Have you ever walked down the aisle of a grocery store, looked at all of the packages sitting on the shelf, and think (in the words of Talking Heads), “How did [they] get here?” Well, what you are seeing is the end product of a company’s 1-2 year (or sometimes longer) multi-departmental effort to make its package stand out to get you to buy. Prototyping was most likely a part of that effort.
Everyday, companies new and old employ prototype packaging as a means to decide how a final package will look on shelf. Prototype packaging, also known as a mock-up or comp, can be a crucial piece of bringing to life a package that will generate a personal connection between a brand and its consumer.
“Prototyping is the part of the commercialization process where items such as color, shape and form factors, brand identity and overall aesthetic impressions are tested, reviewed and proved out.”
Prototype packaging provides companies, manufacturers, brand and marketing professionals, innovation and design departments, packaging engineers, inventors and just about everyone involved the ability to communicate ideas and concepts in real terms. Prototyping is the part of the commercialization process where items such as color, shape and form factors, brand identity and overall aesthetic impressions are tested, reviewed and proved out. The benefit of prototypes to the overall idea of reviewing, testing and proving out is important from several perspectives: manufacturing feasibility conversations, consumer research stimulus, retailer and executive review meetings as well as providing a final target for a printer or manufacturer. We know that very few people visualize an idea the same way or have the ability to understand the final intent of a concept. The prototype is a visual aid on which to base discussion and decisions.
MORE THAN ONE APPROACH, MANY BENEFITS
The actual prototyping process for packaging can take on many forms. The most common that comes to mind for many are physical mock-ups of things like bags, bottles or boxes; the kind that does not always immediately come to mind are the virtual prototypes. Things like simple 3D renders of an early product or idea or a detailed rendering based on CAD mechanicals can help further the life of a concept or idea, so that it can be properly visualized and evaluated. Companies can use prototyping to reduce time to market as they help to identify potential manufacturing issues earlier in the design process—issues that, if not caught early enough, could become timely and costly. Prototyping can further reduce potential cost overruns, as it will magnify errors in dieline construction or print production.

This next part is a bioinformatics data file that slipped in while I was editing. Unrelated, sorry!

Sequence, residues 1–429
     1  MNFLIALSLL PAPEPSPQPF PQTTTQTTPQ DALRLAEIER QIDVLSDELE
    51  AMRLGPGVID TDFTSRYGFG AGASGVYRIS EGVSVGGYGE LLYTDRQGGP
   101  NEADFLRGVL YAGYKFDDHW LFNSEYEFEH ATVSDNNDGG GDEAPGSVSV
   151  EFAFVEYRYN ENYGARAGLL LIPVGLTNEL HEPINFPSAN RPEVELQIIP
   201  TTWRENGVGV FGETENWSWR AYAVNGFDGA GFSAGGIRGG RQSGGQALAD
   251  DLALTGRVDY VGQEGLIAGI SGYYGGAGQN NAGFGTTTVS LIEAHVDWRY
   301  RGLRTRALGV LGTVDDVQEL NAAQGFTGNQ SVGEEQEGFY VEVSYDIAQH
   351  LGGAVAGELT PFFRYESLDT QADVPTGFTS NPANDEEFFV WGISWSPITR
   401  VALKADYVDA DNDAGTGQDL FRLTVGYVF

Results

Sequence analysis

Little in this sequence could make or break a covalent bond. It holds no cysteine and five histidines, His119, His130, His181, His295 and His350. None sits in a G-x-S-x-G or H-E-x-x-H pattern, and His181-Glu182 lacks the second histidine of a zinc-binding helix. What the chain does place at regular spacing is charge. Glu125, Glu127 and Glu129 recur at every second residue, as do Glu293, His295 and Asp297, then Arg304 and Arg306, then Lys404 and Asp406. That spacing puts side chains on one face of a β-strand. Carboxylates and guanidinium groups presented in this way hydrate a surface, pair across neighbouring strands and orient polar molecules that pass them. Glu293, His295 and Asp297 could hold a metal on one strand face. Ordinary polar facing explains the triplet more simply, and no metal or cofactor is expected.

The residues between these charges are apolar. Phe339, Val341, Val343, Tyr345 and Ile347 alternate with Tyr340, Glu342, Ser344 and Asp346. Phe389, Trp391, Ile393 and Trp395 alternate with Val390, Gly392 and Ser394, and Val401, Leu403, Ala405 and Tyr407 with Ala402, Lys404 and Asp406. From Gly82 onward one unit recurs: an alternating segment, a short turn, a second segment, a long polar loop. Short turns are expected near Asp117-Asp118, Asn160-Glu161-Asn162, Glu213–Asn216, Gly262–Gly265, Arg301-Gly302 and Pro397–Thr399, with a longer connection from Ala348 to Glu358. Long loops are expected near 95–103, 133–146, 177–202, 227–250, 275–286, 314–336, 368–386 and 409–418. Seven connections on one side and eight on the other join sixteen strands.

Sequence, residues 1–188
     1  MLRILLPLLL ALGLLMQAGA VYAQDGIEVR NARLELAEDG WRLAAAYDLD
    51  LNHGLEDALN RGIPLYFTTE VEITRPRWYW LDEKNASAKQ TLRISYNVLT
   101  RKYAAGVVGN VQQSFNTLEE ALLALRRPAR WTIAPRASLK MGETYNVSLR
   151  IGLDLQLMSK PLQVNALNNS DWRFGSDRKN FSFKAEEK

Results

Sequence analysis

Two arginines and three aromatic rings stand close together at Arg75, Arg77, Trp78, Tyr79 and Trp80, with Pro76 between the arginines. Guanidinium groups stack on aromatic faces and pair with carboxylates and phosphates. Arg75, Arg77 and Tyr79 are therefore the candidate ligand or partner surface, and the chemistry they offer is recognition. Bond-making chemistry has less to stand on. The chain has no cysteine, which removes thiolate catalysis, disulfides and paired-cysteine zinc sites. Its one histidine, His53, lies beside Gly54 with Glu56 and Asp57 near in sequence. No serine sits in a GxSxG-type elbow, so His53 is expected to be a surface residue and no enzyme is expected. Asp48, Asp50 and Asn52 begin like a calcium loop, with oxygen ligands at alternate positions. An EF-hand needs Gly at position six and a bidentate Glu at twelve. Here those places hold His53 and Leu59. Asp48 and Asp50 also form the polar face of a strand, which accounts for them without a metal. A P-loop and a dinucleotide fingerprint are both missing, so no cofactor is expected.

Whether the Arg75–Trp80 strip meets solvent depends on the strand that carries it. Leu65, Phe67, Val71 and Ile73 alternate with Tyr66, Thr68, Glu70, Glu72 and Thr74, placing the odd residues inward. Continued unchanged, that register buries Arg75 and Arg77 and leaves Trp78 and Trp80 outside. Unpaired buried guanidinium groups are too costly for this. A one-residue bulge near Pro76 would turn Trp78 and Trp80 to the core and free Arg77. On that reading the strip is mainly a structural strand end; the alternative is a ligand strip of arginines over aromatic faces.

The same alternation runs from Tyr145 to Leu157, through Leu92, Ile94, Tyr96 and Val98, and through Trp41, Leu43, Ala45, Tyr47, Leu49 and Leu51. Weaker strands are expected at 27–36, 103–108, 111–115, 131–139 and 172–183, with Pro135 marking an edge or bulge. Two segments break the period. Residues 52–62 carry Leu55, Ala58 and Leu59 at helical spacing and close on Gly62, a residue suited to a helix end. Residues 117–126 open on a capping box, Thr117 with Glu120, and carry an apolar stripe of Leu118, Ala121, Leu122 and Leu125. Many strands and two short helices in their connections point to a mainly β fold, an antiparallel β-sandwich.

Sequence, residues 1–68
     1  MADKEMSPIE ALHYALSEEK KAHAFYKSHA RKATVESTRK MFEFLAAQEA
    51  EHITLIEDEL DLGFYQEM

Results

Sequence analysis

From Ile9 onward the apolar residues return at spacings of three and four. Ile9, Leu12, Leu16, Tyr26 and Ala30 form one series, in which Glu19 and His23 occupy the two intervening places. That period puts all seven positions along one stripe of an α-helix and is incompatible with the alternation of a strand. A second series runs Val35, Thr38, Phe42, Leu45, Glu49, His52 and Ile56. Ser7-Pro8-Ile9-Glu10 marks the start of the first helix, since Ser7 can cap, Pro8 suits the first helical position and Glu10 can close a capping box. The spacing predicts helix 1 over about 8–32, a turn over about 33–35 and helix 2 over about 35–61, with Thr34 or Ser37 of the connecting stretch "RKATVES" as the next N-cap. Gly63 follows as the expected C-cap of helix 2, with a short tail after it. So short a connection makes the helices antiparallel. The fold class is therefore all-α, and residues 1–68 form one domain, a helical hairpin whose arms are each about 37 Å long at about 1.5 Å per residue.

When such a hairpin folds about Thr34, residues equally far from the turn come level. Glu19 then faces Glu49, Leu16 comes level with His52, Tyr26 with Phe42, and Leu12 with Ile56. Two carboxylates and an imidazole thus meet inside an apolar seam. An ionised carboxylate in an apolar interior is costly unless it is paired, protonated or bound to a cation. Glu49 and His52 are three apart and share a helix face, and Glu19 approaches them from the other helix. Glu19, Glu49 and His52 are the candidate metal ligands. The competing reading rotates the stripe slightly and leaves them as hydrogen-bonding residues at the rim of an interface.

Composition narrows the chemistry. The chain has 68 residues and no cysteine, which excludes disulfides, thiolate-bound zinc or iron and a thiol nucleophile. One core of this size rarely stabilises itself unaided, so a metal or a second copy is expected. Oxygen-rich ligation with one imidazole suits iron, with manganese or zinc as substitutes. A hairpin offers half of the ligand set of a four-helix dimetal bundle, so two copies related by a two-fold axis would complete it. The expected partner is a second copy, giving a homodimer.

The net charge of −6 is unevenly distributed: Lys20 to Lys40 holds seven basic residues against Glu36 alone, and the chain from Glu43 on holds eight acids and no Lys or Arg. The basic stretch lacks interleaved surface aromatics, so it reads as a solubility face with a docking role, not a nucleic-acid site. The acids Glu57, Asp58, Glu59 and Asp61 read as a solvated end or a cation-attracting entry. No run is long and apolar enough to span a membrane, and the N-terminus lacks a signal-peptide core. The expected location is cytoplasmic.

Finally, prototyping will help to increase the final quality of the package as it allows for design alternatives to be considered in context. As an example: a client had been considering a metallic, pressure-sensitive label to elevate the overall perception of the package. If a prototype of the package had not been created, the metallic substrate would have went to market. However, a prototype was made and evaluated in context. Between the dark-colored shelf and poor lighting, the package became extremely recessive. The decision was made to change direction. Potential confusion from consumers who would not be able to find their products as well as disappointing sales were avoided.
So, does prototyping really make a difference in packaging development? Absolutely. It facilitates conversation and decision-making, drives efficiency into the process and helps avoid potential speed bumps that could end up costing time and money. We’d consider it a necessity.
This article originally appeared on The Dieline
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